5 Japanese healthy eating principles
Japanese cuisine is considered one of the healthiest cuisine in the world. That is also the reason Japan is one of the countries with the highest life expectancy in the world.
In a recent discovery, we had an interview with some nutrition experts and a few chefs to have an intensive view of Japanese smart diet. And here are 5 unique Japanese eating principles.
1. Principle "Hara-Hachibu"
Most of us are taught as a child is to eat all what is moved out, and not to be redundant, wasting food. But between the end of the meal before eating the last piece or trying to eat all, which one will be better?
For the first time when looking at a meal in a Japanese restaurant, one of the first thoughts of everyone is "it looks bigger in the picture." The size of the diets is much smaller than the dishes served abroad - this is a good point. The Japanese recommend that you eat Hara Hachibu (Hara Hachibun -ME) - eating about 80%. The amount of food on the plate is not scary; It allows you to enjoy the taste of food without having to be full. According to this principle, eating just enough and not making you feel uncomfortable later. Before eating the last piece, think that you really need to eat it. If you don't eat - then leave it.
2. Avoid ready food
Imagine that you go home at 9pm after a tiring working day, and spending 30 minutes for cooking makes you crazy. Instead, you choose processed foods in the supermarket and feel comfortable with not having to cook at night like that.
Stop if you want to eat healthy. These foods are mostly equivalent to fast food, and if you use this food for a long time, you will gradually feel depressed or gain weight after a few months. These foods contain a lot of oil and preservatives, so too much use will not be good for your waist as well as your health.
Limit shopping when hungry and avoid dinner when the supermarket starts to close, the discount of some food items can lead you to fried food, starch or a meal too much carb, no Help your health well even it makes your health gradually decrease over time.
Instead, why don't you prepare a nutritious dinner yourself for dinner before you leave home to work in the morning?
3. Pay attention to carb, sodium and sugar in meals
The three bad things in Japanese cuisine are carbohydrates, sodium and sugar. They only need a certain amount, and we need to be careful with them to have a healthy diet.
Most Japanese meals have soy sauce (containing sodium). Miso soup, the main food in many menus at Japanese restaurants contains a good amount of sodium, some other foods have nearly 1000mg of sodium.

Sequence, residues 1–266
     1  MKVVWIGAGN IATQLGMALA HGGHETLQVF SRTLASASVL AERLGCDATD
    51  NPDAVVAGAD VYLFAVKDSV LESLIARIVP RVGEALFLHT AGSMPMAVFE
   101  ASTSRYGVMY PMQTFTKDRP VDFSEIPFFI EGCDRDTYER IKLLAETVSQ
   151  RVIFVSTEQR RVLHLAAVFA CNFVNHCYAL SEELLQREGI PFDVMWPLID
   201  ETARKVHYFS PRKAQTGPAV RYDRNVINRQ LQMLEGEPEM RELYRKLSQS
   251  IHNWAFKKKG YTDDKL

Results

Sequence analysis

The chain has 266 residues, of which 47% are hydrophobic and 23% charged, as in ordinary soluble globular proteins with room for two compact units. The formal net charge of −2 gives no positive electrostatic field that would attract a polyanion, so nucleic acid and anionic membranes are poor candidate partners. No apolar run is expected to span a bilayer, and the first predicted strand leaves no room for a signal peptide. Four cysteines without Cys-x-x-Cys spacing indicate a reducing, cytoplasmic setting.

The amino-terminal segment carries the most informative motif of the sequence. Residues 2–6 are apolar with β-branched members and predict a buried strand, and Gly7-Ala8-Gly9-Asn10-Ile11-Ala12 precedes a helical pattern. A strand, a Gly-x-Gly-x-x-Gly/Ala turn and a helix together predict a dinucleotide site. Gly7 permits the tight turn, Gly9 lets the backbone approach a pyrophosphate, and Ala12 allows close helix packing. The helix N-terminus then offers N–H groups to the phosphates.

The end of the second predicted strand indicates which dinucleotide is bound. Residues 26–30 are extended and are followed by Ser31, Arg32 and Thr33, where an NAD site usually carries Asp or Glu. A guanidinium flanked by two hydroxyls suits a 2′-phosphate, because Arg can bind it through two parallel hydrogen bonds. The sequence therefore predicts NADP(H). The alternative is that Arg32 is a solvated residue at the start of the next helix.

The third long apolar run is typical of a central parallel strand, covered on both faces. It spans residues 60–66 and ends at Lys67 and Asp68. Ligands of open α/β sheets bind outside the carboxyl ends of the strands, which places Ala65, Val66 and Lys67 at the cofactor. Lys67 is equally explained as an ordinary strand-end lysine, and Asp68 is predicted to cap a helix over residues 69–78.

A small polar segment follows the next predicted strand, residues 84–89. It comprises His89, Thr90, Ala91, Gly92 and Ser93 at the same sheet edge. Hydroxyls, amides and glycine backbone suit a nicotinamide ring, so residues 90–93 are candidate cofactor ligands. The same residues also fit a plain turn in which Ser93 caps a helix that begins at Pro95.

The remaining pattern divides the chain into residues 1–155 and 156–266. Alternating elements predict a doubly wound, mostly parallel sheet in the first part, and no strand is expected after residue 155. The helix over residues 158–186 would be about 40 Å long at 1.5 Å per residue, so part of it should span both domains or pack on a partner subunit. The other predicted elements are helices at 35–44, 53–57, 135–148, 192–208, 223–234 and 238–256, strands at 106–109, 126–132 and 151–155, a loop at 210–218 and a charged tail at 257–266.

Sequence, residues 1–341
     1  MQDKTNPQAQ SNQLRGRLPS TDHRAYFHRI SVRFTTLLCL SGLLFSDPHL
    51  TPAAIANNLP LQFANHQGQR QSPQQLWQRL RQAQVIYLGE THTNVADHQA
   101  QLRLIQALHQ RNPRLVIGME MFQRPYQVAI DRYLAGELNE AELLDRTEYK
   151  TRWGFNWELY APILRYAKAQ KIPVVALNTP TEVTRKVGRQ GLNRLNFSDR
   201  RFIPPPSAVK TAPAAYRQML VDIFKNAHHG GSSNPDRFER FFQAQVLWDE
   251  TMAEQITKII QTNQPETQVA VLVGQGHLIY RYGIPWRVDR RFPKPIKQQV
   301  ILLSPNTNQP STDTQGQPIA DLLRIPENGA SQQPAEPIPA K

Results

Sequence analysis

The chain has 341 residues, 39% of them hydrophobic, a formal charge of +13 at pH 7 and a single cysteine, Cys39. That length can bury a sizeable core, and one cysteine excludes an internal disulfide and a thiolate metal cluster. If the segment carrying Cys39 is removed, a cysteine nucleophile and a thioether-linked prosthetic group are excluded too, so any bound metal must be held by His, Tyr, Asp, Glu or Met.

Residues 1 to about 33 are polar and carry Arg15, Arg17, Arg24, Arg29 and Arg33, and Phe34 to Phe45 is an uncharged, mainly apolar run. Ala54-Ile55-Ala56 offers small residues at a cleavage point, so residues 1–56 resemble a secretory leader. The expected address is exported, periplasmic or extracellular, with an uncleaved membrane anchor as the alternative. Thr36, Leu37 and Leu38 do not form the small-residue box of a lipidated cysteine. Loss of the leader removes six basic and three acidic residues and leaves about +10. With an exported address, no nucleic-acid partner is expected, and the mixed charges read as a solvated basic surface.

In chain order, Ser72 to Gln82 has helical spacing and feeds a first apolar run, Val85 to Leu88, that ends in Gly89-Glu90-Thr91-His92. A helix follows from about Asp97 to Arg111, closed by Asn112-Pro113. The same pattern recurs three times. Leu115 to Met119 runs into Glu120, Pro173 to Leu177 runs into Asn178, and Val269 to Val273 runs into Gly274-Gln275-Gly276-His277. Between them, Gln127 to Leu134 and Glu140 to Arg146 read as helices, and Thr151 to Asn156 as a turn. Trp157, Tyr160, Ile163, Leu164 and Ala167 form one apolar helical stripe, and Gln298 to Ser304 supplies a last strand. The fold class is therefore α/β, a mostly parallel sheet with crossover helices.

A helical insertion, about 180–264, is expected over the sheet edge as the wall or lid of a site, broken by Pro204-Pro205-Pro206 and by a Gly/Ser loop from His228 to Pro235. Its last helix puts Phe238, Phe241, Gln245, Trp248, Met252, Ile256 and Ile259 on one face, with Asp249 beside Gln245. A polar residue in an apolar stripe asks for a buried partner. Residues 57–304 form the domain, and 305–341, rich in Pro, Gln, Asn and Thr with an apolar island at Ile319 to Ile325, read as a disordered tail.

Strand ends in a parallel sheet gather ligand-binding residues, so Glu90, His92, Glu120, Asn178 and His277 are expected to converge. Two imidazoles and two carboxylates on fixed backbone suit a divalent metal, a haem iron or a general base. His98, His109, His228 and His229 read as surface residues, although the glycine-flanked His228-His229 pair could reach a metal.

Be careful about the amount of sodium and pay attention to your blood pressure if you or your family have a history of heart disease. When buying food at stores, read the ingredients carefully to help you determine the amount of sodium produced in the product.
Carbohydrates everywhere and even SOBA noodles are no longer safe because most Soba shops use instant noodles made of refined flour up to 60% instead of buckwheat. If you are trying not to add carb in your diet, Soba noodles (80% buckwheat, 20% of wheat mixture), or instant noodles from Konnyaku or Shirataki with lots of fiber is the choice the best.
Did you know that most Japanese dishes have a little sugar in one way or another to balance the flavor? When watching a Japanese home cooking program, and one thing is that the sugar is available in most sauces, stews, curry, some types of Karaage and even in Ramen.
So, if you are trying to control the amount of sugar, unfortunately you will have to sacrifice some true Japanese flavors.
4. Do not believe in the magical diet
Today, there are countless information on how to eat, as well as some healthy foods. For example, some diets such as bananas, black garlic, natto, umeboshi (ginger sauce), kimchi/yakiniku, and some other strange modes are different from promising that it will be a magical miracle.
But no expert advises you to eat a single food no matter how good it is. Tofu and green tea are often offered as a miraculous food abroad, but they are only part of the standard of the traditional diet, and their effects are almost miraculously as miraculously as People still praise if they eat it too much or almost only use them at a meal without using any other food. That leads us to principle 5.
5. The secret of diversity
The diversity in the meal will give you more healthy and have a slim body. If you've ever had the opportunity to enjoy a traditional Japanese meal at the hot spring or when you visit Kyoto, you can notice that there are many diverse and rich dishes.
A traditional Japanese meal is often made according to the principle of Ichijyu Sansai (a soup with three vegetables plus rice and fish) to ensure a good balance for the body and that is the key to a mode. Eat healthy Japanese.
Small meals have more than 15 different foods per day or even at a meal, including beans, seafood, vegetables, with a little rice, noodles or meat, they provide enough vitamins and vitamins and Minerals that the body needs.
For every meal of the day, try to eat each different type with a small amount of enough use.